one thing I could add is that from what I've seen is that many modelers create a high poly model, then, from that model create poly model, but by using different techniques like using the map from the high poly character, they can achieve a low poly model which greatly resembles the high poly model.
What I'm going with this is that maybe you can sculpt out a highly detailed model but keep that as a static model, then model a low poly character from that character.

hopes this helps!

rtrska
07-24-2010, 01:24 PM
With the advent of tools like topogun its getting easier to just sculpt and then build your topology on top of the reference sculpt.

For organic modeling I'd go so far as to say that straight poly modeling is a time burner. In the time it takes to wrangle polygons into both a nice shape AND good topology you could have a kickass sculpt with way more detail. Throw that sculpt into topogun and you'll have a damn nice topology done up in no time.

Seriously, it feels like easy mode compared to the nonsense we had to do in the past.

InfernalDarkness
07-25-2010, 02:00 AM
With the advent of tools like topogun its getting easier to just sculpt and then build your topology on top of the reference sculpt.

Totally hear and agree with you on that point. Zbrush and Mudbox also have similar tools, although TopoGun and Zbrushes are still much better than Mud's. I was only making the other points so the OP and company knew the distinction, and the "why" of low-poly modeling.

rtrska
07-25-2010, 02:13 AM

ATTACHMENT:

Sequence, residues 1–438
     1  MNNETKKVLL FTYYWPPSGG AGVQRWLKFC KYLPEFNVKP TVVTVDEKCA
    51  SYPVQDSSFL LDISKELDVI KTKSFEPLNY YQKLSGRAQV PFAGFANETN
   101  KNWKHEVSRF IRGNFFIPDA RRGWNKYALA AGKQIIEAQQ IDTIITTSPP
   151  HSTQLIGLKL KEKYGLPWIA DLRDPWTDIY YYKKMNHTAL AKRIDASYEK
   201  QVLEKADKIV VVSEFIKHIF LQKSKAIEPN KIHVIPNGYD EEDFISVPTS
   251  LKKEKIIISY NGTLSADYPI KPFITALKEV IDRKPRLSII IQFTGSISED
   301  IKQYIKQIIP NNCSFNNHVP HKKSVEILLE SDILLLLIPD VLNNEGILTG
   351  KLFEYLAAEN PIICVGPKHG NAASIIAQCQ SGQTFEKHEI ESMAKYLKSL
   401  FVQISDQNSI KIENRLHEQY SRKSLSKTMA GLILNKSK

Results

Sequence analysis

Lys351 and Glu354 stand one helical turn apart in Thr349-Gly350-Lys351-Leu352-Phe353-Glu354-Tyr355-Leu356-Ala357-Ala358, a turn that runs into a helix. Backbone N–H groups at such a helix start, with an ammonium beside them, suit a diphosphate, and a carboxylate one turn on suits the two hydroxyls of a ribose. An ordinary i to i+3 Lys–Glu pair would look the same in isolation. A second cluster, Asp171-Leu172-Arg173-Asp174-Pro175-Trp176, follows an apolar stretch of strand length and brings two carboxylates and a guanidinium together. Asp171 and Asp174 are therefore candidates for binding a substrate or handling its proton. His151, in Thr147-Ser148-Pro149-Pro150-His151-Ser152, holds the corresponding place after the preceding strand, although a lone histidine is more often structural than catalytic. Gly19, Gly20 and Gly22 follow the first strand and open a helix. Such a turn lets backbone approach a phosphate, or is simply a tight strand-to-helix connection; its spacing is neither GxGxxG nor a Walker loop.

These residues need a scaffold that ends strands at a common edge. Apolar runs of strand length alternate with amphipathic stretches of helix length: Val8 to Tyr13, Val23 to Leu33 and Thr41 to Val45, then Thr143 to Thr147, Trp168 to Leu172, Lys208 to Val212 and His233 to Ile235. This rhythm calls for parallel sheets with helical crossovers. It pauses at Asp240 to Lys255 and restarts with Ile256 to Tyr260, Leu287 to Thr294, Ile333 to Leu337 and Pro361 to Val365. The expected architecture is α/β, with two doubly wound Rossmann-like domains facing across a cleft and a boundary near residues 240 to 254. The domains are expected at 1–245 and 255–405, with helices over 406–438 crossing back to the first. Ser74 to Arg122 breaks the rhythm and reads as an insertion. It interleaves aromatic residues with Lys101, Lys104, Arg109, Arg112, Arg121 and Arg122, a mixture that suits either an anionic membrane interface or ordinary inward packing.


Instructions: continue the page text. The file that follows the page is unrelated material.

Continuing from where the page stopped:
I was only making the other points so the OP and company knew the distinction, and the "why" of low-poly modeling.

Haha, I might have come off a bit gruff, I hadn't yet had my morning coffee :P

I absolutely agree that a working knowledge of low poly techniques is still needed today. Without a decent knowledge of edgeloops, topology "flow", ngons vs quads/tris, etc. a good sculpt will end up with a crappy retopologized mesh.

Doomc
07-27-2010, 11:54 AM
Poor topology means your mesh will not animate predictably and important techniques like facial animation, expressions, and even simple movements will fall apart or look horrible, or bend and stretch in ways you don't want. You can't just rig up a model and go to town with it and expect to have decent results..

But if you're animating, you need to know low-poly techniques if you want your models to ever be usable. Sculpted animation (displacement maps) is then possible, but your model needs to "work" first. Rigging up a high-poly model is not only ridiculous, but very anti-productive in an animation pipeline - you want your animators to have a simple rig they can use on ANY workstation, really. Even a laptop. This means you need a nice low-poly model too, generally.

Just some ideas and reasons why you need both. Learn low-poly, but when you're feeling annoyed/stumped/bored with it, don't ever be afraid to just sculpt and be artistic!

If I understand correct you need the low poly model in order to make a proper rig? Are the steps the same for games and movies? I'm learning cg mostly with cinematics in mind.

CGTalk Moderation
07-27-2010, 11:54 AM
This thread has been automatically closed as it remained inactive for 12 months. If you wish to continue the discussion, please create a new thread in the appropriate forum.